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Collection of exporter information by HMRC

Trade Bill – in a Public Bill Committee at 3:15 pm on 25th June 2020.

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Photo of Stewart Hosie Stewart Hosie Shadow SNP Spokesperson (Trade) 3:15 pm, 25th June 2020

I beg to move amendment 32, page 5, line 4, after “may”, insert

“, following consultation with relevant stakeholders,”

Photo of Graham Brady Graham Brady Chair, Conservative Party 1922 Committee

With this it will be convenient to discuss the following:

Amendment 33, page 5, line 17, at end insert—

“(7) Nothing in any regulations made under subsection (3) may require the disclosure of information or the production of documents which are subject to legal professional privilege.”

Amendment 34, in clause 8, page 5, line 45, at end insert—

“(5A) Nothing in this section authorises the disclosure of information or the production of documents which are subject to legal professional privilege.”

Photo of Stewart Hosie Stewart Hosie Shadow SNP Spokesperson (Trade)

The amendment stands in my name and that of my hon. Friend the Member for Inverness, Nairn, Badenoch and Strathspey. It would impose a duty on the Treasury to consult relevant stakeholders when making regulations as specified. Those regulations are about the type of information that may be requested by HMRC and how the request is to be made. The reason for this consultation is that it provides an additional layer of scrutiny by stakeholders.

In imposing a duty on the Treasury to consult, we will ensure that any draft statutory instrument is exposed to critical comment from stakeholders in advance, which may improve an instrument and help to avoid future issues when it is going through Parliament. I think this is important, and I am sure that the Minister will recall him and his colleagues serving on many interminable Finance Bills in the days of the last Labour Government, when many people rightly criticised the additional burdens being put on businesses, particularly by the Revenue, to provide information.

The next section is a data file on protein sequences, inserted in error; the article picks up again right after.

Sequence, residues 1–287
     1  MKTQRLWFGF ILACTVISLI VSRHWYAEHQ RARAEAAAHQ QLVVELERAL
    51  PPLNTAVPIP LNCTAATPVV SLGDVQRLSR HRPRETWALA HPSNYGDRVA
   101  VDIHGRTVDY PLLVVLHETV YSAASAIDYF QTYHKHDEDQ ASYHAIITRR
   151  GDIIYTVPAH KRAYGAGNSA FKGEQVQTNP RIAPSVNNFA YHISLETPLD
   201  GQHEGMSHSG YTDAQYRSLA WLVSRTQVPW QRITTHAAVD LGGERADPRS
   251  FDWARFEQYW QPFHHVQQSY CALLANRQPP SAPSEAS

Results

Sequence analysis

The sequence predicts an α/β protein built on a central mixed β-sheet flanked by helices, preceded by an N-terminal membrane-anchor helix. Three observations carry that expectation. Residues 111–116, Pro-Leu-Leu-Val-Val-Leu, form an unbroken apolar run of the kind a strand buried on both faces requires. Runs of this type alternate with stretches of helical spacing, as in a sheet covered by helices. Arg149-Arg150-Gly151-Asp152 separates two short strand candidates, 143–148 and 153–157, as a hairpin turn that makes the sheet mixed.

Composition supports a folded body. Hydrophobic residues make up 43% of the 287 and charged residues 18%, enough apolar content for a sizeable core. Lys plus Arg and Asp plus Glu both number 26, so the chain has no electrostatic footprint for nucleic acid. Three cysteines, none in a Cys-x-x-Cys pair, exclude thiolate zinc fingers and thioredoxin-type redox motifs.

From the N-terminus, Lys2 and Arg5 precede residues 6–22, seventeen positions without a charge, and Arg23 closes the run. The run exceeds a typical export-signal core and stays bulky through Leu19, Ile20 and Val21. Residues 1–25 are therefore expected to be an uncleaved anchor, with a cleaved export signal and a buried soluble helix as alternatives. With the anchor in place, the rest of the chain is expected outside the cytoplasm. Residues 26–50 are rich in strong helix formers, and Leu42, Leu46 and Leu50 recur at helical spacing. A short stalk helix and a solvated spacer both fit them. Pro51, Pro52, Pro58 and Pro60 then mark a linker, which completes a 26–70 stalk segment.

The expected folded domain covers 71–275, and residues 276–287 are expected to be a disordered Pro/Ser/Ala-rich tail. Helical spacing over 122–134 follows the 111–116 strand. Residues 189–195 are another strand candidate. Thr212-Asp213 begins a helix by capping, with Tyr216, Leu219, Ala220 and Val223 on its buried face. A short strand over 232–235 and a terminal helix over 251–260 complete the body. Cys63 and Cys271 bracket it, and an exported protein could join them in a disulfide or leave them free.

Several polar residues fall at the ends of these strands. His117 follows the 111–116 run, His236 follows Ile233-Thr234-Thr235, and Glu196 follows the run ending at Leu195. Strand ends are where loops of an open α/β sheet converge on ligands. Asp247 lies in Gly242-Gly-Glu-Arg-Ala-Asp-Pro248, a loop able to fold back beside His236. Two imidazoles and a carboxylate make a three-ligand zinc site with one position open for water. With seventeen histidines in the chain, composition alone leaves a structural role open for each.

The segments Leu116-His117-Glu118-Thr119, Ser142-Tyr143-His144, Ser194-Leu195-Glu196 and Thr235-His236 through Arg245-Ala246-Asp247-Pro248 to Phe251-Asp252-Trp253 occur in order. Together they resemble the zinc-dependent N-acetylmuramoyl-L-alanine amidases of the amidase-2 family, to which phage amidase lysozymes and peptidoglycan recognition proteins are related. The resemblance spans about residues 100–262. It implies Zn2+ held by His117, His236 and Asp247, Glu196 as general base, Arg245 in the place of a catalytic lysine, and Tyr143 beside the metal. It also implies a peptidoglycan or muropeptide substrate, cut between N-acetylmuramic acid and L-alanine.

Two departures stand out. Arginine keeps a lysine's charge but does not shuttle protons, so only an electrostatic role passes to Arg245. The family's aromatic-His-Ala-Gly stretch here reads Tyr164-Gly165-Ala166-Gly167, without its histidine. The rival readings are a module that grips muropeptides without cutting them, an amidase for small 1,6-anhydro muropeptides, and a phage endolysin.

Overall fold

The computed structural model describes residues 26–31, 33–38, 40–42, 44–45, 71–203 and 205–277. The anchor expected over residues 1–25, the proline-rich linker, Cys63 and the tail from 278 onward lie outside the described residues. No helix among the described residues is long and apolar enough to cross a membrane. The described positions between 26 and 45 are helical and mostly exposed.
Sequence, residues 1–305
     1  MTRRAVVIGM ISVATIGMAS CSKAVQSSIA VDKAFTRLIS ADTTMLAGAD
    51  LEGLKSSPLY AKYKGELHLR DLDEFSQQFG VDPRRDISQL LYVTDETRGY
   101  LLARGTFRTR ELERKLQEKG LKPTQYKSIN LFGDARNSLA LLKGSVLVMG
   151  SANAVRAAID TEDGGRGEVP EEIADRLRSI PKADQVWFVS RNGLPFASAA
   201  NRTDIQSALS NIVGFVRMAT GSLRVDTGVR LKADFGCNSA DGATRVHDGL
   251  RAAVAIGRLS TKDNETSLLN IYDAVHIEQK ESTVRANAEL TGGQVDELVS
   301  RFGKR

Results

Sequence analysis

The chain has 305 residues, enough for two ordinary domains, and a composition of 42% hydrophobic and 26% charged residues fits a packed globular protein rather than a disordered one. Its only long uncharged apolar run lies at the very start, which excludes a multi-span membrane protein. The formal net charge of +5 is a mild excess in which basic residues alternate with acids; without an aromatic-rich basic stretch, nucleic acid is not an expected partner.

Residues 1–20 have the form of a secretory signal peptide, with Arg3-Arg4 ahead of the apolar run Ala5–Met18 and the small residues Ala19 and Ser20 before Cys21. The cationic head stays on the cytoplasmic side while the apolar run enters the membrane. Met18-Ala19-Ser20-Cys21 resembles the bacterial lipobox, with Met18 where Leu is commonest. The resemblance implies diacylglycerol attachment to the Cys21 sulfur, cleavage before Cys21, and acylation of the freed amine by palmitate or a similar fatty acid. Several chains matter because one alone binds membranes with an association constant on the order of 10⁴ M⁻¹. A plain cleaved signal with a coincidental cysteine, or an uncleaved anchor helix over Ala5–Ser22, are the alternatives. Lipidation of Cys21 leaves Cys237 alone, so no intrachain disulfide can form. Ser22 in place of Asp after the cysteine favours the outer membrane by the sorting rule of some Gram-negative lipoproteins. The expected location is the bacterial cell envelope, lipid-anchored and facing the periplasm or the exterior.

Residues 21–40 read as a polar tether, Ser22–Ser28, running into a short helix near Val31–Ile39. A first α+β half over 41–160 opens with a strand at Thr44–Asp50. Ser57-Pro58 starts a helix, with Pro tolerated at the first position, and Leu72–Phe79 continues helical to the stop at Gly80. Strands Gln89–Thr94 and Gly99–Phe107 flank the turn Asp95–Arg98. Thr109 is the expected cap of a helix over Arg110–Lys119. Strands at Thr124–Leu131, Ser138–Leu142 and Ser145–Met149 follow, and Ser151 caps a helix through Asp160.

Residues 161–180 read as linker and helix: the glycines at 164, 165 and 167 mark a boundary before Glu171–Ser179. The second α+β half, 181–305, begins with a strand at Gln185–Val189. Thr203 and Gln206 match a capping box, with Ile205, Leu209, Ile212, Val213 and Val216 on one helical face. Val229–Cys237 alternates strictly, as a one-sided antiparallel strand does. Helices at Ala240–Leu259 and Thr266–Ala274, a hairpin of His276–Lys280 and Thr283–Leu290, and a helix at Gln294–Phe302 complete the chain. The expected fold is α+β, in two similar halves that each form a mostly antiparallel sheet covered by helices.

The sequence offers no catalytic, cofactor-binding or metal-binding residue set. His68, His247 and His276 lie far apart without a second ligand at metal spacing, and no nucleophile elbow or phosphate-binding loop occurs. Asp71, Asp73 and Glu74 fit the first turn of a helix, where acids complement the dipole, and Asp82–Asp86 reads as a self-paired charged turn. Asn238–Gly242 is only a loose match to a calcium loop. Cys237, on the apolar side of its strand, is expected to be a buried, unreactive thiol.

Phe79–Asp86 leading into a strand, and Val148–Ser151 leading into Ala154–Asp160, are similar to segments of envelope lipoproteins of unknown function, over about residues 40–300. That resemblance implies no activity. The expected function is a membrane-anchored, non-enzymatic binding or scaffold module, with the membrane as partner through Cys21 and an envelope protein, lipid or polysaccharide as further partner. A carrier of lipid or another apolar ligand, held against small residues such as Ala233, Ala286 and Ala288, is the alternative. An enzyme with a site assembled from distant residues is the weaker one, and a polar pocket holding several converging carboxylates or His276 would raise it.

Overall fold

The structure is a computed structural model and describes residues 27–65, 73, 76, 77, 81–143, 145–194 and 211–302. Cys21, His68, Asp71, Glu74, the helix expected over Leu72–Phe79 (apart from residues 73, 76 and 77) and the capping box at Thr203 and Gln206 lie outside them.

If we are going to request information from businesses, trade groups or anyone else, let us ensure that we consult the relevant stakeholders first, to make sure that we are not requesting information that is not held, that we are requesting it in a way in which it is currently collected and that we are not adding an additional layer or an additional burden for business when it is, in some cases perhaps, simply unnecessary.

Amendment 33 is about protecting legal professional privilege. We are concerned that clause 7(1) grants HMRC a very wide discretion indeed to require information. The scope of this provision should be far more clearly defined, to give greater certainty about the extent of information, the anticipated frequency with which it may be requested and the method of data collection. Legal professional privilege and confidentiality are essential in order to safeguard the rule of law and the administration of justice. They permit information that may be communicated between a lawyer and a client without fear of it becoming known to a third party without the clear permission of that client. Many UK statutes already give express protection to legal professional privilege and it is vigorously protected by the courts.

It is also worth pointing out—I am sure the Minister knows this—that the iniquity exception alleviates concerns that legal professional privilege may be used to protect communications between a lawyer and client that have been used for a criminal purpose. Such a purpose removes the protection from communications, allowing them to be targeted using existing powers but not breaching legal professional privilege.

Amendment 34 is similar to amendment 33 but deals specifically with the power to collect data by Her Majesty’s Revenue and Customs. The amendment would insert at the end of clause 8:

“Nothing in this section authorises the disclosure of information or the production of documents which are subject to legal professional privilege.”

Its effect is the same—to protect LPP. We seek to insert the amendment into this part of the Bill because we are deeply concerned that clause 8 grants are very wide discretion to the Revenue to require information. As with the argument for amendment 33, the scope of that provision should be far more clearly defined to give greater certainty as to the extent of the information they anticipate, the frequency of collection and the method of data collection from it, but the safeguard that ensures that the information that is sought to progress a criminal charge cannot be hidden behind legal professional privilege. I commend the amendment to the Committee.

Photo of Greg Hands Greg Hands The Minister of State, Department for International Trade 3:30 pm, 25th June 2020